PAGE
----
2. I would buy Skype.

    I don’t have time to articulate the whole thesis here (and besides, if they want the whole thesis they can hire me!) There are some hints in my Platforms, markets and bytes presentation.

    The Economist has a good summary of the fix they find themselves in. I think they are at risk of becoming the new Microsoft, in that they buy all sorts of neat, smart start-ups (including a minority investment in Obopay), only to then kill them. According to the Economist, they are trying to adapt and having some success especially in markets like India:

    All this will no doubt help Nokia come up with better, if not magic, products. The firm may even reach its goal of 300m users by the end of 2011 because its efforts are not aimed just at rich countries, but at fast-growing emerging economies where Nokia is still king of the hill, such as India. There, services such as Nokia Money, a mobile-payment system, and Life Tools, which supplies farmers with prices and other information, fulfil real needs, says John Delaney of IDC, another market-research firm.

    Which only strengthens my view that their path to salvation lies in (yet another) complete re-invention, this time to a 21st century, sixth paradigm, retail financial services platform (built on a mobile substrate.) They might even want to keep (at least some of) their handset engineering know-how: it might come in handy for building handsets that are particularly well adapted to mobile financial services.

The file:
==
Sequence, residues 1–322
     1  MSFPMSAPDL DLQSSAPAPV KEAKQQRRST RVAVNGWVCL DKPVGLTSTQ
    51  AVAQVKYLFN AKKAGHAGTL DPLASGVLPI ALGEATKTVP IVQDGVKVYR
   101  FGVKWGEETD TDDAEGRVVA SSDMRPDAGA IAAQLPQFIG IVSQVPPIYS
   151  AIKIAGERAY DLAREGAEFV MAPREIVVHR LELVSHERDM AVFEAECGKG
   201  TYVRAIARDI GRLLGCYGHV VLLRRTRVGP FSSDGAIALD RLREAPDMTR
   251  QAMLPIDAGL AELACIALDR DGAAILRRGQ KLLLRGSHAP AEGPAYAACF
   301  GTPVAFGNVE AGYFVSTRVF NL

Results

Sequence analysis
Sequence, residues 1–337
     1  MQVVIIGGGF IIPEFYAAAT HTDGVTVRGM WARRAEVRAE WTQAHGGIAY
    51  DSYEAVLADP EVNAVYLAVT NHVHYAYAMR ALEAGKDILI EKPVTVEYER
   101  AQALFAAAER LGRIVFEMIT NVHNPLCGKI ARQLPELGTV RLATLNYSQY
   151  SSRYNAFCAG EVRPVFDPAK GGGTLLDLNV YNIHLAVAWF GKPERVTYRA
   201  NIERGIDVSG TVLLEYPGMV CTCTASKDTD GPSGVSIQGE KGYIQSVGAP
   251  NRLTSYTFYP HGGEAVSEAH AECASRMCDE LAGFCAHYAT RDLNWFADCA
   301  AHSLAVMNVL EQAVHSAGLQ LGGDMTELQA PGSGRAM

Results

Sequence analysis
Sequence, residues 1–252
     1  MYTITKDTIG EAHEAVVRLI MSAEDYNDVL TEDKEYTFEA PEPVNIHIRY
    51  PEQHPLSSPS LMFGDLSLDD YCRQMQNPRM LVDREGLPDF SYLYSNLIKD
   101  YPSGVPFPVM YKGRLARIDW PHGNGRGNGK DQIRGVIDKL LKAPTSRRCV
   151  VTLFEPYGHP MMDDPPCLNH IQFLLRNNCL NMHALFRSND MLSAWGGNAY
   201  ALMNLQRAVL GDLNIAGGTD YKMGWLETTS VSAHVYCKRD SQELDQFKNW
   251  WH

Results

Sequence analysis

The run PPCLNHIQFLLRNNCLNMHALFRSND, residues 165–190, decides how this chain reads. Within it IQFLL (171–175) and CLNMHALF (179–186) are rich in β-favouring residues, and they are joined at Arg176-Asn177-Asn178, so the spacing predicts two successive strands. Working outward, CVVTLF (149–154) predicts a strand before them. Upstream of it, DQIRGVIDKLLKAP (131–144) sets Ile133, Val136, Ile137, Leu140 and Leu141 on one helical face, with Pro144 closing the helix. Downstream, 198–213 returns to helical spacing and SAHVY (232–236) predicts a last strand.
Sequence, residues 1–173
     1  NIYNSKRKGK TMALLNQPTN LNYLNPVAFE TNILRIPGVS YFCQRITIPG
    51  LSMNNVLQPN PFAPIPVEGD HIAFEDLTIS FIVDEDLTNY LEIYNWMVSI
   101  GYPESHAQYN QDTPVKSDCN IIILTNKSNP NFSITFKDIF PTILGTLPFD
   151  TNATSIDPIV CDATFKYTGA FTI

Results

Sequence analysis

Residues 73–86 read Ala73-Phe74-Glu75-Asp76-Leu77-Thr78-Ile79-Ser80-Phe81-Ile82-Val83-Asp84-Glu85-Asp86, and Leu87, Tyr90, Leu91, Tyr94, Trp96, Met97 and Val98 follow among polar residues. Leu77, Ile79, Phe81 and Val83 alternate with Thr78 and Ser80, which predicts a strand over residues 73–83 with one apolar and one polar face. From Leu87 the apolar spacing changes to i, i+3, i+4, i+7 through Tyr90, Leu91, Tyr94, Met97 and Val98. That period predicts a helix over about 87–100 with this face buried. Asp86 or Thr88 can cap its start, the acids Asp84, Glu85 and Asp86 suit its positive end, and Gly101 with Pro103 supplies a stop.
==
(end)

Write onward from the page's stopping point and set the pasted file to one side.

In any event, if Nokia want their share price to go up, they better hurry up and change their frame of reference. I mean really, who would you rather compete with? Apple? Google?

    Or Citigroup?

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    RabbitFX: simple, transparent and secure.

    One of the downsides of having a reasonably ‘international’ life is having to manage foreign exchange risks and effect international currency transfers and payments reasonable regularly. If you only do this once every few years for a few thousand pounds/dollars/euros/etc., you may not notice or care that your bank generally makes this quite hard to do and charges you an arm and a leg for the pleasure (no commission is just dishonest marketing-speak.) If however, you need to make a few foreign currency payments or transfers each year; and/or you have more significant sums at stake, your bank is probably not the best place to do your FX business.